Iraq serves as a useful, but not indispensible, base of operations for US actions in Syria and the middle east generally, although obviously there are plenty of bases in other countries in the region too. It is hard to see any upside for the US in violating Iraqi sovereignty to keep these bases (especially given that it can't keep them if Iraq is prepared to use force to remove them).

The US is already facing possible conflicts with Iran and North Korea, steadily escalating tensions with China particularly in the South China sea, and a certain degree of confrontation with Russia. Having bases in Iraq seized or fighting a war to regain control of the country and install a new puppet regime is not something the US wants to be dealing with right now when it is entirely avoidable.

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    I doubt any Iraqi PM would order military action against US bases, after what happened to the last Iraqi guy who did that. Also the Iraqi army is not terribly effective, having to rely on Iranian-sponsored militias in the fight against ISIS. The US has shown its willingness to strike back at the Iranian-sponsored militias in Iraq in the past and recently. So your claim that "the [US] bases are toast" seems exaggerated to me. – SX welcomes ageist gossip Jan 6 at 11:24
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    I doubt that Iraq would use military force to evict the US, but if they did, the any bases are toast. The US has around 5000 personnel in Iraq, and actually a fair number of those are on Iraqi bases doing training. The Iraqi army may not be very effective, but they can handle 5000 people dispersed around Iraqi bases in smallish groups (who could mostly be arrested in short order), and cutting off the few US bases from resupply. – PhillS Jan 6 at 11:41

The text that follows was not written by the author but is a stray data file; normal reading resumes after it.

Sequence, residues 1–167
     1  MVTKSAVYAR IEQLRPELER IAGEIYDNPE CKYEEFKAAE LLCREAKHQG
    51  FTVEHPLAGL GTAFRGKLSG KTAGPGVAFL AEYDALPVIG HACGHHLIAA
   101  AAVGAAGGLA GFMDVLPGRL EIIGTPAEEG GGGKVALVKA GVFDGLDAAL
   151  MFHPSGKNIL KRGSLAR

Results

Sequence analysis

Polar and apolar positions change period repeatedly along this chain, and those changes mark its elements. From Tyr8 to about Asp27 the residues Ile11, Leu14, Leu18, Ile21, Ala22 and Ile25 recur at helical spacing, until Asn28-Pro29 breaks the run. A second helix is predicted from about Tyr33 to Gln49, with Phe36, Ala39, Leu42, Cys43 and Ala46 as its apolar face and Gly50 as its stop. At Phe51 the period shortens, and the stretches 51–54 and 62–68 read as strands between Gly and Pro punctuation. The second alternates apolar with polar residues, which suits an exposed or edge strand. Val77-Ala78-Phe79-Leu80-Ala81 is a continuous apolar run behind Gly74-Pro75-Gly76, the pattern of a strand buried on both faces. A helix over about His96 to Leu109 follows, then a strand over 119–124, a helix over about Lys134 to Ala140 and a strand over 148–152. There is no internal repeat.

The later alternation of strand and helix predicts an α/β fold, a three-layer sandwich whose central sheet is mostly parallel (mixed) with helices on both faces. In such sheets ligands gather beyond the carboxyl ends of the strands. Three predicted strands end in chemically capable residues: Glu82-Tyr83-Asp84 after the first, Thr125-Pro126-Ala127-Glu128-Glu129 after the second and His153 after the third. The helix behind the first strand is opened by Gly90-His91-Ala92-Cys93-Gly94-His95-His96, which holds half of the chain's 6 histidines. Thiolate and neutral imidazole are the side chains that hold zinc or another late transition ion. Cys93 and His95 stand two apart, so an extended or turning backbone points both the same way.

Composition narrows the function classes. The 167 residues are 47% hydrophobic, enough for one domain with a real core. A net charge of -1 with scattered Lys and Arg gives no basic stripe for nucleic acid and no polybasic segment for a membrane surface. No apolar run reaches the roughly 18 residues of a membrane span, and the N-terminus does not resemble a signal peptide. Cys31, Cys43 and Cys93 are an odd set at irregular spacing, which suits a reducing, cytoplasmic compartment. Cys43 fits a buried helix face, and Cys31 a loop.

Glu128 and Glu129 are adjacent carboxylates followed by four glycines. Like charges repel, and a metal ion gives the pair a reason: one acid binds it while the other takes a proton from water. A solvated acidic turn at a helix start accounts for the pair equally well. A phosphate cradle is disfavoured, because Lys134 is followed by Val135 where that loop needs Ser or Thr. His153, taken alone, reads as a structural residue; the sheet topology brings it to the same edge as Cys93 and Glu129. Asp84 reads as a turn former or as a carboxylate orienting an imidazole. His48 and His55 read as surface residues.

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    "there are plenty of bases in other countries in the region". You mean in nice friendly countries like Turkey? Although frankly it varies from week to week as to which countries the current US administration has upset the most. – DJClayworth Jan 6 at 16:30
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Having [central] government permission might not make much of a difference in a post-Syria US diplomacy. (I'm alluding to US bases and troops in Syria, despite Assad's opposition.) Actually Pompeo has hinted that the US might regard the Mahdi government as not quite legitimate, and by extension its request.

Pompeo dismissed Abdul-Mahdi — who in November submitted his resignation to parliament amid mass anti-government protests — as the "acting prime minister," and charged that he was "under enormous threats from the very Iranian leadership that it is that we are pushing back against."

But whether foreign troop presence has Iraqi government approval might make a difference for the other NATO countries currently participating in Iraq. Their absence/departure would make the US look more isolated diplomatically.

The vote that the Iraqi parliament took was non-binding. It is for the Iraqi cabinet to ultimately pass on a formal request for the US to withdraw their forces. It looks like the US is trying to impress Mahdi to not take that final/official step, effectively neutering the initiative.